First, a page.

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Aerial photo taken on January 24, 2020 shows mechanical equipment working at the construction site of a special hospital in the Caidian District of western suburb of Wuhan, central China's Hubei Province. /Xinhua Photo
Editor's note: Tom Fowdy is a British political and international relations analyst and a graduate of Durham and Oxford universities. He writes on topics pertaining to China, the DPRK, Britain, and the U.S. The article reflects the author's opinions, and not necessarily the views of CGTN.
As China responds to the coronavirus, it was announced that local authorities in Wuhan would construct a new hospital to handle the outbreak within a period of six days. The new facility is to prevent a strain on infrastructure in the city and to help better quarantine patients and will be equipped with around 1,000 beds. Chinese media had quickly released photos of diggers on the site, showing the unprecedented pace and seriousness as to how the situation was going to be approached. A hospital had also been created in similar circumstances in response to the SARS outbreak in 2003.
How can China build a hospital in six days? And is there any catch to this? This is one area where China differs from the West and may have an advantage. The country's political system allows for greater resolve and scope in decision-making processes, which can, in times of emergency, supersede conventional bureaucratic hurdles without issue, allowing faster mobilization and response.
Because land in Chinese cities is constitutionally owned by the government and privately leased to its people, this means emergency construction can be placed into action instantaneously, with the country's massive labor force making the building speed possible without any detriment to quality.
First of all, China's political system differs from Western plural societies in that it is more unified through its hierarchical order. China's system of one-party governance is based around the Leninist principle of democratic centralism whereby decisions made by the central government are relayed from the center to the various levels.
This process makes local governments in China more accountable and directly answerable to the central government, whereas, in Western society such as the UK, local authorities are largely autonomous from the central authorities and elected by their communities, meaning their agendas, outlooks, and decision-making vary significantly.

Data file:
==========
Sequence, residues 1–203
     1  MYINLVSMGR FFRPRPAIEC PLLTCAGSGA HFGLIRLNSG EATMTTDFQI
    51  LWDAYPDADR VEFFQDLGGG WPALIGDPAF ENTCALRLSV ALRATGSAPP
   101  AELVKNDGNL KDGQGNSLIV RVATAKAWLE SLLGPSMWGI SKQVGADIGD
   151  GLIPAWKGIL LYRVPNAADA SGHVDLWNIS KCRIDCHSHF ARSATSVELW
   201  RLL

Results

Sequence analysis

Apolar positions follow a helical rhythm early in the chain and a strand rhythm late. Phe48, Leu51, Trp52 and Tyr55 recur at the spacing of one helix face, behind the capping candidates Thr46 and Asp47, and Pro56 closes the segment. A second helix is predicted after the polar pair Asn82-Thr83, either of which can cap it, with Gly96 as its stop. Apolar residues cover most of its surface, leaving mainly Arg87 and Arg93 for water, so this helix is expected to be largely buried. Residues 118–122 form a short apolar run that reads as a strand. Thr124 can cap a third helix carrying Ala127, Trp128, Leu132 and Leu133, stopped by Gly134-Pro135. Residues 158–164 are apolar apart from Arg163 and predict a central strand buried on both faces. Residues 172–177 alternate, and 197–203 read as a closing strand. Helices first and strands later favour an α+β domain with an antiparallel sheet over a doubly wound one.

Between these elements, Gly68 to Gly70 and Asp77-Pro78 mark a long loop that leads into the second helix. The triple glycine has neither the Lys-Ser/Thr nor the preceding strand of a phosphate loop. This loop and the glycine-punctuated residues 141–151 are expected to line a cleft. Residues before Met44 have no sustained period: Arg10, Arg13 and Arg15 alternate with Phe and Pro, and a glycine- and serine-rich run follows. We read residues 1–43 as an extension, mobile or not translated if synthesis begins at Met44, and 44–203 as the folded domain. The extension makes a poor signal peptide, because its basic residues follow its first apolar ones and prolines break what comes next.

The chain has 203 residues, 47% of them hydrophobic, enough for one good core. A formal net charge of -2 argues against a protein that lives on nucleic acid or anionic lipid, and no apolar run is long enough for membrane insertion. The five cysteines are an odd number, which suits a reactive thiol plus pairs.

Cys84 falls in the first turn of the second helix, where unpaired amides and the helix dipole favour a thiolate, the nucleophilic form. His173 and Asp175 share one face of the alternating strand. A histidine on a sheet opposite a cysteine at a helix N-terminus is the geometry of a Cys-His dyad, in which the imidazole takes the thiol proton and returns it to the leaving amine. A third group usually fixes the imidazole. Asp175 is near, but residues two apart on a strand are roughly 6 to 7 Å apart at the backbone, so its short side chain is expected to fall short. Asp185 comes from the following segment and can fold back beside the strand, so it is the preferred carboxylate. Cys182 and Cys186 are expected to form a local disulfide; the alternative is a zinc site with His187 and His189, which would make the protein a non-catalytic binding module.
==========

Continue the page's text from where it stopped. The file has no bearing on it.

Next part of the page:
Veteran Engineer Wu Zhizhen works on site with his colleagues for building a new 1,000-bed hospital to treat patients with the new coronavirus in Wuhan City in central China's Hubei Province. /CGTN Photo
On this context, China has the ability to make faster and more resolute decisions in response to crisis and bypass traditional bureaucratic hurdles, taking necessary courses of action which may be objected to, resisted and branded unpopular in Western countries, slowing down the scope and options of a given response, for example, such as suspending public transport in affected areas or other emergency regulations. This also applies to the notion of construction, allowing contingency plans for a building to be approved almost instantly in contrast to bureaucratic hurdles of the West.
But still, how is this possible? First, China's constitution allocates urban land to be the property of the central government, save that it is leased to private owners and residents with the expansion of property reform. This means almost instantly, any space of unoccupied land can be found to construct a hospital and approved without issue and a need for consultation.
In the West, where all land is privately owned by default, this is impossible. In finding a site, the government secondly has the ability to rapidly mobilize any resources it needs to the given location and, thirdly, has the world's largest labor force to choose from to ensure enough hands are present to merit the building speed.
This, constructing a fully-fledged hospital in six days becomes bizarre, but truly possible and legitimate by Chinese standards. This does not, contrary to popular belief, come at the expense of quality either. As Huang Yanzhong, a Chinese scholar, told journalists: "The engineering work is what China is good at. They have records of building skyscrapers at speed. This is very hard for Westerners to imagine. It can be done." Thus, the hospital will be built and in operation, before we know it, with no likely snags or setbacks.
Therefore, as a whole, the rapid construction of the hospital should be understood as a government-led all society mobilization in response to a crisis. In contrast to Western pluralism, China is able to take more clear and resolute courses of action in order to protect public health, safety and contain the spread of natural disasters. Thus, what is needed to be done is done. The new hospital should speed up efforts to contain the coronavirus, and acts like this are bound to secure public confidence.